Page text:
Making sure you’re appropriately dressed for the weather when you go out can also ensure that you don’t catch a chill and feel the need to turn the heating on the moment you get home.
Be Strategic with Central Heating Use
Using the central heating in a more strategic way is one of the most efficient ways to heat your home without racking up steep energy bills.
If you are only inhabiting one or two rooms during the day, there is no need to have the heating on in every room in the house. If you are not using the bedrooms during the day, for example, turn the radiators off in those rooms. By doing so, you could make significant savings on your energy bill, not to mention do your bit for the environment.
Think about what times of day you will need to heat up certain rooms, and for how long. It may not be necessary to heat the living room all evening. Heating it for half an hour when you get back from work could be sufficient to keep you warm for a few hours. The same is true for the bedrooms – warming them for half an hour before retiring for the night could be enough to keep you warm the rest of the night.
Another useful tip is to keep your boiler in frost protection mode and to get your boiler regularly serviced – we discovered that 34% of you are already doing so. These tips effectively prevent pipes from bursting. After all, no one wants to spend Christmas without hot water and heating while waiting for the plumber to arrive.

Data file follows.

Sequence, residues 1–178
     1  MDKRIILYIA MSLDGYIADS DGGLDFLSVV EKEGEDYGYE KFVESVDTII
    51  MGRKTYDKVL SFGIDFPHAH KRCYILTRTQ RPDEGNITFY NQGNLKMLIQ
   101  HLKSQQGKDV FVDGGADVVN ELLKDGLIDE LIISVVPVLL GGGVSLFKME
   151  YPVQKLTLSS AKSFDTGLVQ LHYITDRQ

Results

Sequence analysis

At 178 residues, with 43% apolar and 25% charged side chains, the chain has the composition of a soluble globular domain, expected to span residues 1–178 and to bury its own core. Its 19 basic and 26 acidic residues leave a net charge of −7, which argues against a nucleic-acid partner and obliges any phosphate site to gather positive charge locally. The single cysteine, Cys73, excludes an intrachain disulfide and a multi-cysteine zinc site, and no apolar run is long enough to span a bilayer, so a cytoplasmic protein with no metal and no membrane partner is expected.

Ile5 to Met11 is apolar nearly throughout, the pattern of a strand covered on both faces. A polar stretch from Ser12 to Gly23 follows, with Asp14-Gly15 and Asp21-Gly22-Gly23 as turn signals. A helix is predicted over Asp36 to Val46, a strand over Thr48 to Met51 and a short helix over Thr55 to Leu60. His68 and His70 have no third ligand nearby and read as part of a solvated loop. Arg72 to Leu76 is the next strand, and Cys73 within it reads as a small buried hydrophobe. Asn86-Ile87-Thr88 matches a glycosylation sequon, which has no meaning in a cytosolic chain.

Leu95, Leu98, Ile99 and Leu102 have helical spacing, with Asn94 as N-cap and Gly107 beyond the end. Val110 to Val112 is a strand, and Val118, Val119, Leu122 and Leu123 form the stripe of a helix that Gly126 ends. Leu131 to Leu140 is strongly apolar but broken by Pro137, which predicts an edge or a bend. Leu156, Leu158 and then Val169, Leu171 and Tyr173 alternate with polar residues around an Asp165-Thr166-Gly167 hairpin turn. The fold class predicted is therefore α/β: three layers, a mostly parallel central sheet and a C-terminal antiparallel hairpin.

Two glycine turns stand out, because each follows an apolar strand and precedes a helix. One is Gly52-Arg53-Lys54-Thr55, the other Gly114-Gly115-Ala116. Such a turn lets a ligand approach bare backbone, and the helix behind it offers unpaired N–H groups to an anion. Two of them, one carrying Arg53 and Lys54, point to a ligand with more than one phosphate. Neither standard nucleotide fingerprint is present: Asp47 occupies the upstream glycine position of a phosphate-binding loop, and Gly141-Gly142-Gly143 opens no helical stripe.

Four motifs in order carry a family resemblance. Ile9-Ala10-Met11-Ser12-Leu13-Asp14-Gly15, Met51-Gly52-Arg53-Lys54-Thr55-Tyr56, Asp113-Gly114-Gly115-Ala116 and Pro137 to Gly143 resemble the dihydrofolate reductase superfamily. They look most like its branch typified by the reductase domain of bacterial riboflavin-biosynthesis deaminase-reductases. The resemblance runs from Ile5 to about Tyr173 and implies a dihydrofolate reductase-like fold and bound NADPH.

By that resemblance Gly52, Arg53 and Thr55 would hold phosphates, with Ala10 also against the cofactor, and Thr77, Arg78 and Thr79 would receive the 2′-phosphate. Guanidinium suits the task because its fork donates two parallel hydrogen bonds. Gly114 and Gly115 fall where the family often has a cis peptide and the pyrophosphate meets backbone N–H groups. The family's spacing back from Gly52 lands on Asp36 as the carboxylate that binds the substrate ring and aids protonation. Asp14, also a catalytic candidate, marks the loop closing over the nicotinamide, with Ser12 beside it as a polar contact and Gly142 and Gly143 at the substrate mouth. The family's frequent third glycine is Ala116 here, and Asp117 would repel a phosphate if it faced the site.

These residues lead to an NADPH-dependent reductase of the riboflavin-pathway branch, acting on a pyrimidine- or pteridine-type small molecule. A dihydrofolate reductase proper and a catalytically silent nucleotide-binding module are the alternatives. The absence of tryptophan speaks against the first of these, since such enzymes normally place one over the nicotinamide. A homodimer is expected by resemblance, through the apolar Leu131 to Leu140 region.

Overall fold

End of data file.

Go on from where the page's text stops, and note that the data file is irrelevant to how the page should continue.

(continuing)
Install Solar Panels
When we surveyed the British public, we found out that 7% of respondents had taken the decision to install solar panels as a means to reducing energy bills in the winter months.
Contrary to common misconception, solar panels don’t depend on extremely sunny weather conditions to function efficiently, and could indeed be a more-long term solution to energy debt.
By harnessing the power of the sun, no matter the weather conditions, you could reduce your reliance on traditional energy sources.
Using solar panels to complement energy sourced through the grid, you could begin to power some of your domestic appliances and devices using the solar power that you’ve saved. You may even be able to sell excess solar energy you’ve generated back to the National Grid, giving you greater control over your finances.
With the help of a smart meter, you can also monitor how much energy your solar panels are generating. Keeping tabs on peak energy hours and how much energy is needed to run your appliances is particularly useful in helping you to develop an awareness of how and when to use energy in your home.
In turn, making those savings over the months and years could afford you greater freedom from financial anxiety. In fact, a quarter of our survey respondents who had installed solar panels were not concerned at all about their energy expenses for the coming winter.
It’s easy to see why solar panels are a truly worthwhile investment, as they can offer greater independence from the National Grid and have the potential to reduce energy bills, all while sustainably contributing to a greener future.
If you’re worried about your energy bills or are thinking of installing solar panels, contact us today.